The Books of My Numberless Dreams

Sunday Salon: Super duper tired

Posted on: December 9, 2007

3:29 PM: Hello, hello. I’ve started on Sunday Salon much later than usual on account of the bad exam papers I had to mark last night. I could not even entertain the idea of doing the relatively thorough reading diaries you are used to getting, so things will be mellower (more mellow?) today. I’ve finished Trading in Memories (couldn’t wait for you, sorry) but I may mention a few highlights. I really had a swell time with it. Unfortunately, I haven’t had such a good time with a novel for over a month now. The ones I’m on now aren’t bad, mind you, there’s just no unalloyed joy, so I’m tempted to pick up a safe bet next, like the latest Murakami novel.

Today I’m reading on the informal materialist brain model and how that can help form a proper foundation for neuroethics; about a young black woman’s life in Jamaica at the turn of the 20th century; and I’m on this weird book’s third page. Don’t worry, you’re only going to hear about the last two.😉

As you can see I’ve had a string of books or short fiction excerpts with some relation to the Spanish-speaking world. All except the Bolaño included some magic realism elements which I’m now becoming rather weary of. I never thought I’d long for the social realistic Spanish fiction I did for A-levels — or really anything that didn’t involve people turning into salamanders, disappearing or hiding under tortoise shells. This is unfair to Desire and Its Shadow by Ana Clavel, so I will try to be fair minded, especially since it’s a LibraryThing Early Reviewer copy. I’d put it aside except that I feel obligated to review it as soon as possible. (It’s about a month now since I got it, no rush.)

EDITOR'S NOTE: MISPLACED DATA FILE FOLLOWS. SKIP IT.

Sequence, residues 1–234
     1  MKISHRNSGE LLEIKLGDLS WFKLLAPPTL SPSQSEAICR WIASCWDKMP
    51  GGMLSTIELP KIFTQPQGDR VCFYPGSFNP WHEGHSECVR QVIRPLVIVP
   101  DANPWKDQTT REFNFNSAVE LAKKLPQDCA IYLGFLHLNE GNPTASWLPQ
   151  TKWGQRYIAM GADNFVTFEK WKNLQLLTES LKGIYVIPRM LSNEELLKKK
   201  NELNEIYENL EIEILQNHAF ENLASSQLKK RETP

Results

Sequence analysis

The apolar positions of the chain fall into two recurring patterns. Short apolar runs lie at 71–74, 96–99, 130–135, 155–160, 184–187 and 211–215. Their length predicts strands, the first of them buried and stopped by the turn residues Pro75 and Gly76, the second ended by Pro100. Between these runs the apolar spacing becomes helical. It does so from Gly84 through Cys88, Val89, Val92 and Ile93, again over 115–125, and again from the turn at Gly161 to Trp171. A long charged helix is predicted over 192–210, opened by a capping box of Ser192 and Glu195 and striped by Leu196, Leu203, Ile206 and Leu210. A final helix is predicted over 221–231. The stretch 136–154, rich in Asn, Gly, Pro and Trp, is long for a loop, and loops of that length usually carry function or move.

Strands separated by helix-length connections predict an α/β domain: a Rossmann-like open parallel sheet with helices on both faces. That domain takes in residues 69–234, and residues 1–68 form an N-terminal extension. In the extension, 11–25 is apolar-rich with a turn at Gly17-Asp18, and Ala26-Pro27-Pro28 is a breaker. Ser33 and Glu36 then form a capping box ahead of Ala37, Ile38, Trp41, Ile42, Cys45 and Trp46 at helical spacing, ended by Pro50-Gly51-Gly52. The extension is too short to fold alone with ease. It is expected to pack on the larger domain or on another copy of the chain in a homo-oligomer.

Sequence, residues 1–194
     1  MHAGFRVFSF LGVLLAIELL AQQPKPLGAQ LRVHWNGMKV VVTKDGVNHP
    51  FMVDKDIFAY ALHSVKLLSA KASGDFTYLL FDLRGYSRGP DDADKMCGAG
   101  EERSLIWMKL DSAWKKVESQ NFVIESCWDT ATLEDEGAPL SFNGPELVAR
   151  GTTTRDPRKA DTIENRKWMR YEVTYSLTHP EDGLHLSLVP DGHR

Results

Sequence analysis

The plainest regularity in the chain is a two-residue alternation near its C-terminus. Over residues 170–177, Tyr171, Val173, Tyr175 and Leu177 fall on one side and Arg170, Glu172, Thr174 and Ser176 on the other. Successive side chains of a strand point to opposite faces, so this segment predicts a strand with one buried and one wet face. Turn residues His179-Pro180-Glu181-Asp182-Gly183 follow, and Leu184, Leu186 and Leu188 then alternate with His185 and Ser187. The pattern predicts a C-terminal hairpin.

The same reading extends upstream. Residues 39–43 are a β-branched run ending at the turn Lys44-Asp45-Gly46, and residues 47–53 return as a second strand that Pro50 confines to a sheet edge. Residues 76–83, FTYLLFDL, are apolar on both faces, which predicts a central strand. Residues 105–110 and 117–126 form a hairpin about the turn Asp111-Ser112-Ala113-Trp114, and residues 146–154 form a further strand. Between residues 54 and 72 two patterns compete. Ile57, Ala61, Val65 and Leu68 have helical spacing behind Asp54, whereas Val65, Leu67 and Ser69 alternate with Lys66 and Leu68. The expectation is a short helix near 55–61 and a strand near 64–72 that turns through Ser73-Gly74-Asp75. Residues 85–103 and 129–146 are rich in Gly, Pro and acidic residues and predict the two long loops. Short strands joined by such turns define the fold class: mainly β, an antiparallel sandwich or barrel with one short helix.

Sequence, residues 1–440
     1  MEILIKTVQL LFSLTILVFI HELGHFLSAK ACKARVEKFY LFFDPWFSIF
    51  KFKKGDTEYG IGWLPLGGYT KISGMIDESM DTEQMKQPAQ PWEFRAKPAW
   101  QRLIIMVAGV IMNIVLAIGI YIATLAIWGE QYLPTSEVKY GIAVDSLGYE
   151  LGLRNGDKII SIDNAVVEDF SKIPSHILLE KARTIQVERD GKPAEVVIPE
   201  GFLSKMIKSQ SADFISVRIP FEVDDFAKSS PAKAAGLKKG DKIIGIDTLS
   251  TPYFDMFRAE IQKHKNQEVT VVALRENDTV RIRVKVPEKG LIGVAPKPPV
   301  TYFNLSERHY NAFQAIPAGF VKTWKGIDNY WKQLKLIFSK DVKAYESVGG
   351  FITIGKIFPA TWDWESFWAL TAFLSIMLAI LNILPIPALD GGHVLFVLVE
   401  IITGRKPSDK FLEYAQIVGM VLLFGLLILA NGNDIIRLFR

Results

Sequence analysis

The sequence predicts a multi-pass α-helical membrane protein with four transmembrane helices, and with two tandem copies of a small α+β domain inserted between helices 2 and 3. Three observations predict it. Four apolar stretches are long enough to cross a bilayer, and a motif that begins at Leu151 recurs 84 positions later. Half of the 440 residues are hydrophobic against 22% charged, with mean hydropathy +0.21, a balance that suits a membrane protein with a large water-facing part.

I am not at all sure about the translation. Only three pages, mind, but it reads a bit too literally. I can see what it would be saying in Spanish but as an English translation the meaning becomes…fuzzy. For example:

Then she thought about Lucía and her words when she’d invited Soledad to follow her into the vase: It’s a matter of your most secret desires. Come on, we’ll go together.” And as Soledad had a long history of desire, longing shone before her.

“Shone before her”? Hmmmm.

The other novel is Banana Bottom by Claude McKay, a Jamaican writer more popularly associated with the Harlem Renaissance. I am intrigued enough by Tabitha Plant aka Bita, the main character, who lives in a rural farming village in the Jamaican hills. After a horrible incident, the local white missionaries adopt her when she’s 12 (or thereabouts) and eventually send her to England to get a refined education, as part of their project in elevating the “natives”. Most of the novel deals with Bita’s readjustment to home life with her instinctive preference for the “peasants” lifestyle (a class she’s no longer a part of) against the love and obligation she feels for the Craigs (missionaries). And despite her love of home she is still restless and eager for knowledge.

Bita is something of a Fanny Price except worse, I’m sorry to say (and I liked Fanny), because she doesn’t even resist the Craigs’ arranged marriage plans for her. She’s something of a contradiction because, unlike most Austen readers’ popular take on the wimpy Fanny, Bita is shown, through occasional rebellious moments and her internal monologues, to have a somewhat charismatic, endearing personality. Because of it I persuaded myself that her meekness was simply the calm before the storm. But McKay intruded and in a most perplexing plot twist, removed the obstacle from her path with the help of a goat.

Just the oddest thing. I’ll let you know more as the day goes on. I still want to do that big Roger Mais piece but I feel as if I should read more Jamaican novels in order to get a better sense of what came before and around the same time. (I really need to find a woman novelist.) McKay’s novel is very, very different from Mais’ and Andrew Salkey’s in how he writes about the rural areas and the people, much of it due to McKay’s obvious Marxist leanings, which don’t gel very well with his subjects, IMO. But later, later.

2 Responses to "Sunday Salon: Super duper tired"

You have piqued my interest in the Mckay novel – do post more.

I agree with your comments on that translation. How frustrating.

I shall, barring any frustrating mental blocks. As for the translated novel it gets even more frustration as there are periods when Jay Miskowiec improves and then inexplicably devolves back into ham fisted phrasing. I’ll see how it goes.

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